Most people come into contact with olives in one of three ways:
There are the olives that go on pizzas and into into dinner entrees
There are the olives (with pimentos) that go into martinis
And there is olive oil
But it seems odd – how can the fleshy olives found in dinners and drinks also produce oil? Here is the answer to that question:
Watching that video, you can see the steps:
You grow the olives on olive trees
You harvest the olives by knocking them out of trees onto cloths laid on the ground
You wash the olives and separate out as many leaves as you can
You crush the olives into a paste using large rolling stones. If you’ve ever seen an olive as it comes off a tree, you know that it has a very hard seed inside, sort of like a miniaturized peach pit. These seeds get crushed too.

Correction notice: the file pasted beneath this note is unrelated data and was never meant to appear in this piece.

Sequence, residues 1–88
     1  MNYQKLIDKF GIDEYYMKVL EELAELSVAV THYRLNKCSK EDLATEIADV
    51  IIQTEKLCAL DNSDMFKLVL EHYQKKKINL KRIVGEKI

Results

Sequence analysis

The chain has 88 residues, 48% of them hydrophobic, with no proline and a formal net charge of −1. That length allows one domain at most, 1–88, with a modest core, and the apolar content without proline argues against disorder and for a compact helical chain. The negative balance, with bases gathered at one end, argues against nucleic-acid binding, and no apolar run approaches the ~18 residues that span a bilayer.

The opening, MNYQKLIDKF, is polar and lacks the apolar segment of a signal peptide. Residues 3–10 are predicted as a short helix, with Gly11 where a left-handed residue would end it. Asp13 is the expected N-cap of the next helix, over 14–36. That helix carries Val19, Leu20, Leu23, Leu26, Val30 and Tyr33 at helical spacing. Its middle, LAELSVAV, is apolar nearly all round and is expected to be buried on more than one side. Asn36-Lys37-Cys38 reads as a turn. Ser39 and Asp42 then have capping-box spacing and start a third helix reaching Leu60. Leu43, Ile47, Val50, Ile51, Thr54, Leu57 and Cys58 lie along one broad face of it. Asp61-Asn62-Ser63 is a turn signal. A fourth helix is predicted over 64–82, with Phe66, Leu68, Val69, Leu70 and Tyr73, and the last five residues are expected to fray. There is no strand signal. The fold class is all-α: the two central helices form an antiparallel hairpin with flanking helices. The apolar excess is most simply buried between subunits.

(Not shown but very likely – you spin the paste in a centrifuge to separate the oil – there is a shot of a centrifuge in the final video below)
You bottle the oil
Here is another version that shows the use of a different crushing technology as well as the use of a malaxer. The malaxer is a simple device that gently stirs the olive paste to release the oil. The removal of oxygen from the malaxer prevents oxidation of the oil during this process:
Before centrifuges, the olives were crushed and then pressed in hydraulic presses to squeeze the oil out of the paste. In this video you can see the whole process:
In this final video there is a shot of one of the centrifuges. You can learn more about the Valente centrifuge here:
If you want to learn about the differences between extra virgin olive oil, virgin olive oil, regular olive oil, etc., this page and this page can help.